At a glance the PROM NIGHT of 2008 doesn’t seem like a remake at all, but more of a re-use of the title. It doesn’t take any major elements of the original or its unrelated sequels – there’s no children’s game turned deadly, no principal’s son or masked killer or prom queen burned alive and back as a ghost or evil priest, no Hamilton High or Brock Simpson or even ambiguity about which North American country it takes place in (it’s in Bridgeport, Oregon, though filmed mostly in L.A.). It does take place on prom night, though, so I totally get why they wanted that title.
If you look closely it is arguably based on a somewhat forgotten plot point of the original 1980 PROM NIGHT, but if so that detail is now a xerox of a xerox of a xerox of the fifth revision of the 13th draft. The part in question is the original’s red herring about the pedophile who was blamed for the sister’s death and now has escaped and the police are trying to make sure he doesn’t come to the prom for revenge. The remake/”remake” uses a similar escaped lunatic template, but in this one it’s ex-teacher turned stalker Richard Fenton (Johnathon Schaech, ACTS OF VENGEANCE) who, three years ago, became delusionally obsessed with his student Donna (Brittany Snow, PITCH PERFECT, BUSHWICK) and murdered her family in front of her. Unlike PROM NIGHT (but like PROM NIGHT IV and their original inspiration, HALLOWEEN) there’s no whodunit mystery in this one. He definitely did it, he really is here, he for sure is killing a bunch of people, and we’re seeing it.
This is the PROM NIGHT that’s most serious about being a movie for teens, and not just ones that are normally horror fans. On one level it’s about wish fulfillment. A rich girl (Brianne Davis of CHROMESKULL: LAID TO REST 2 I believe?) planned the prom and her dad paid for her to go tens of thousands of dollars over budget on her “cool L.A. club” theme, which includes crowd-hyping DJ Tyler (Jay Phillips, SEMI-PRO, BABY MAMA), a movie premiere style red carpet and holding it at a fancy hotel (which the kids can somehow afford suites in).
Also they have Jones Soda at the prom. That’s a quality soda, and it’s based in Seattle, so it’s kind of a northwest regional detail. Respect.
Another part of the fantasy is that it’s a group of close friends who look and dress very grown up and beautiful and care about each other and with the exception of one boyfriend who’s a dick (Kelly Blatz, lead singer of some band called Capra) they don’t act like dumb assholes that we’re supposed to cheer for the deaths of. And the dick doesn’t get as much screen time as the nice ones.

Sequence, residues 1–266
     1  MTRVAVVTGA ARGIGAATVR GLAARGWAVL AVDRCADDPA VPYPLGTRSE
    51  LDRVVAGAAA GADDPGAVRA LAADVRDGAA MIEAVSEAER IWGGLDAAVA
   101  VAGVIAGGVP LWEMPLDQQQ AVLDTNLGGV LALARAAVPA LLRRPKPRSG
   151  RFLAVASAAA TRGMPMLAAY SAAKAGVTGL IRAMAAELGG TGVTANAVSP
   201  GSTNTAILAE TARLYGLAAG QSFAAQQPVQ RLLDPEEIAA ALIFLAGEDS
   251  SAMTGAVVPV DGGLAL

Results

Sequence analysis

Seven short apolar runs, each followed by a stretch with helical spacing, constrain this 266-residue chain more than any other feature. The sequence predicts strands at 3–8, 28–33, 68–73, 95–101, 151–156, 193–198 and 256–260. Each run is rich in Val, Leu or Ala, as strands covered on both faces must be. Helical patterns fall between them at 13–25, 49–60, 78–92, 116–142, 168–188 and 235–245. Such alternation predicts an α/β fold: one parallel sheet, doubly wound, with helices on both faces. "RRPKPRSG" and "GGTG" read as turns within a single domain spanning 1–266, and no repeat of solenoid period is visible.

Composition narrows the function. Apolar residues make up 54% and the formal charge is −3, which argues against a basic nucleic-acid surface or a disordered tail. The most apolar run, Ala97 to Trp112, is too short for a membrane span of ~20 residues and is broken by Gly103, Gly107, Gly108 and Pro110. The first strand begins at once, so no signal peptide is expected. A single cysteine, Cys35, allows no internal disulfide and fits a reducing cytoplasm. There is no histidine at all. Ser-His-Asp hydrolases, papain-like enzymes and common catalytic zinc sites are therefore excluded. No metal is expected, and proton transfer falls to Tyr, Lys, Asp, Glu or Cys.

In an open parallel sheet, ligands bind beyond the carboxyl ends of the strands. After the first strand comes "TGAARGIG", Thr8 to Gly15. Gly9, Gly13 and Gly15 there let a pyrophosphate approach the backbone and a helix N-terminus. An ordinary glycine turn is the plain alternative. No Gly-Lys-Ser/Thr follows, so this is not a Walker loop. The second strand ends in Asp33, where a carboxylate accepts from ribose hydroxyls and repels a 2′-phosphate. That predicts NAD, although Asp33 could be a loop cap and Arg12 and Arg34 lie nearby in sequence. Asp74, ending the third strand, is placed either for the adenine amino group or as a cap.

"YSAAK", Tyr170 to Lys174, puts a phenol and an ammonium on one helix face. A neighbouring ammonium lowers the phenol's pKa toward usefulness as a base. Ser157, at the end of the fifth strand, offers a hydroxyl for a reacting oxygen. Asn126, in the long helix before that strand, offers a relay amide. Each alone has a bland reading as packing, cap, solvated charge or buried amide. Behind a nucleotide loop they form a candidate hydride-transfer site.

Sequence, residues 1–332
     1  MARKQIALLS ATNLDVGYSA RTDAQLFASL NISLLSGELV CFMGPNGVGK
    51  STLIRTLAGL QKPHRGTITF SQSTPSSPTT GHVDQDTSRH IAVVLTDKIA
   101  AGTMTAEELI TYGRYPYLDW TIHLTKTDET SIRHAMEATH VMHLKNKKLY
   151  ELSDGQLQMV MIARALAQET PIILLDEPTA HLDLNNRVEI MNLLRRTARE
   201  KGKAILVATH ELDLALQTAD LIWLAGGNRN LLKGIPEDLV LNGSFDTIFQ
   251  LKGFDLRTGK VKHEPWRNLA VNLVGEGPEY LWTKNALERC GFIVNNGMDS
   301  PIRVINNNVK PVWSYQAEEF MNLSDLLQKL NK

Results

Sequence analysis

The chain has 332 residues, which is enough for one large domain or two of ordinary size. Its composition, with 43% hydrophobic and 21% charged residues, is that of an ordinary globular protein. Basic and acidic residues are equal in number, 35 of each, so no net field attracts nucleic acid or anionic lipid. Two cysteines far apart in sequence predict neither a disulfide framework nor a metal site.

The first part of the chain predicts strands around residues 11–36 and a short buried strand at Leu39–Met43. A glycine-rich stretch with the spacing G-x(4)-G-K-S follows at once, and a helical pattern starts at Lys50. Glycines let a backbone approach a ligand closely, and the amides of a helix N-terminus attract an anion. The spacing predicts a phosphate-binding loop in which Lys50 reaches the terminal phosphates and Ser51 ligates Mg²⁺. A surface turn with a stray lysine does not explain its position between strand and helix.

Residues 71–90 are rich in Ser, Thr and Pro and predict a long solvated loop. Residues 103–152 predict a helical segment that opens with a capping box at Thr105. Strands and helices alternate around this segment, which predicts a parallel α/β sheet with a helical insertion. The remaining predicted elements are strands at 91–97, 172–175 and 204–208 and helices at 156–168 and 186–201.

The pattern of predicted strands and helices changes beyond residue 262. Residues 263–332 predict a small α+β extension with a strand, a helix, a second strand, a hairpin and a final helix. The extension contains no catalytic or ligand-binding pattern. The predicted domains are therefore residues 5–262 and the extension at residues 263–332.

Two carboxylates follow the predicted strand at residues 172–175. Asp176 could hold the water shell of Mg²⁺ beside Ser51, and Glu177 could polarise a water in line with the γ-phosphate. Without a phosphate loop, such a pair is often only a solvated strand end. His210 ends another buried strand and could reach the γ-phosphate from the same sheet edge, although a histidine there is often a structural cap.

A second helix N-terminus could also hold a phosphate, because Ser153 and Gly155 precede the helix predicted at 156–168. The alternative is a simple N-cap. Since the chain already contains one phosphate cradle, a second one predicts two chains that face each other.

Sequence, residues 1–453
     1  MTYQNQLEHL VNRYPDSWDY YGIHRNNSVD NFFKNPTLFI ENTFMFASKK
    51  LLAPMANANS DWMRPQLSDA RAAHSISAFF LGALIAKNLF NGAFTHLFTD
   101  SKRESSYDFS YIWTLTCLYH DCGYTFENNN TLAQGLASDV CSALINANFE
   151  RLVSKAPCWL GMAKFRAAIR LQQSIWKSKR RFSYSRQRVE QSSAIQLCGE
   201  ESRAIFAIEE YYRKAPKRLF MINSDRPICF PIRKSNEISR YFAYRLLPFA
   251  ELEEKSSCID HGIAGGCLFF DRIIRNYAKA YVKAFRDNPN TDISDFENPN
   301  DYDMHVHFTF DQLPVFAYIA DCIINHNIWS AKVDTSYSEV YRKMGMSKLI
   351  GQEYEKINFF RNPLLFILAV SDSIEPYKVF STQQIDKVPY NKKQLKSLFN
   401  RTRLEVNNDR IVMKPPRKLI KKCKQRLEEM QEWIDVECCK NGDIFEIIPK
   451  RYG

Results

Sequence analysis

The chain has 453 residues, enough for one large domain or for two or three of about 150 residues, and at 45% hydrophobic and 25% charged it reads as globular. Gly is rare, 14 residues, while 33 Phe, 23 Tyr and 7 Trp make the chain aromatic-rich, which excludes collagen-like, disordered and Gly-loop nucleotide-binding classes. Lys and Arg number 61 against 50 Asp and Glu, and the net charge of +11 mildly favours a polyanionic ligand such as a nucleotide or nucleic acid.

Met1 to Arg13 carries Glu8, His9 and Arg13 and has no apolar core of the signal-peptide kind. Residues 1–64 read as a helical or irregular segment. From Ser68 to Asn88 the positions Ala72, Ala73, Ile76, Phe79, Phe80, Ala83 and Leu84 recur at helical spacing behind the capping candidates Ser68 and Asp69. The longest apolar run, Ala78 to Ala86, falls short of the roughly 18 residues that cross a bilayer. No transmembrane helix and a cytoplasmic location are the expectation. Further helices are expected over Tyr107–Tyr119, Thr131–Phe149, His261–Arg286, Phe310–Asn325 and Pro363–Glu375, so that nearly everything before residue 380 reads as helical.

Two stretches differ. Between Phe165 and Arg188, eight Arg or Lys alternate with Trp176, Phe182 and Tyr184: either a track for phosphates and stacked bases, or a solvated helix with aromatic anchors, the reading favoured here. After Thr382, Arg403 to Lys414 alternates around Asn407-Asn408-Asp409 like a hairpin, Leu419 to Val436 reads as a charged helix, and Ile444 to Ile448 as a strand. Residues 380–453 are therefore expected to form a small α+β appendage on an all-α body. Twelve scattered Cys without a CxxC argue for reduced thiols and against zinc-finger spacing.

It also spends more time than the other PROM NIGHTs on common stresses of kids approaching graduation, mostly those involving significant others or friends going to schools far away from each other, questioning each other’s or their own choices for the future, etc.
I believe I’ve heard alot of hate toward the movie, and there’s certainly plenty not to like, but I suspect some of that comes from it being pitched at straight-laced, popular people instead of the outcasts many horror fans see ourselves as or prefer to relate to. Some of us older horror fans instinctively reject movies that feel specifically for a younger generation, and younger ones feel like it’s pandering to the kids at school who they don’t like. This definitely seems to be aimed less at dudes who have vast collections of black t-shirts than at groups of young women who will get each other to go and then one of them will get scared and scream and the rest will laugh at them and then they’ll start laughing. And this one does have a bunch of pop rock in it (I’m not familiar with any of the musicians, but they include Rock Kills Kid, Tokio Hotel, Plain White T’s, Silverspun Pickups.)
Along with that comes a PG-13 rating. IMDb trivia claims it’s the first PG-13 slasher movie and says that’s “an aspect of the film that was critically reviled by fans and critics alike.” I was actually wondering about the rating while watching. A stabbing scene that didn’t show the blood made me suspicious, but it also has a disgusting squooshy sound as he stabs a girl over and over and over and over again. To me, seeing Schaech’s unfeeling eyes and thinking of him as a grown man obsessed with a teenage girl and seeing him kill thirteen people, mostly with throat slashings, seems as intense as many R-rated movies. It’s not like it’s for babies.
He goes around the hotel wearing a baseball cap pulled down low like a celebrity trying not to get recognized in public. He’s one of those mastermind killers who can seem to vanish out of thin air, and only later does somebody figure out he climbed into a ceiling vent or slipped out disguised as a hotel employee. (I think more hotel employees bite it in this than students.)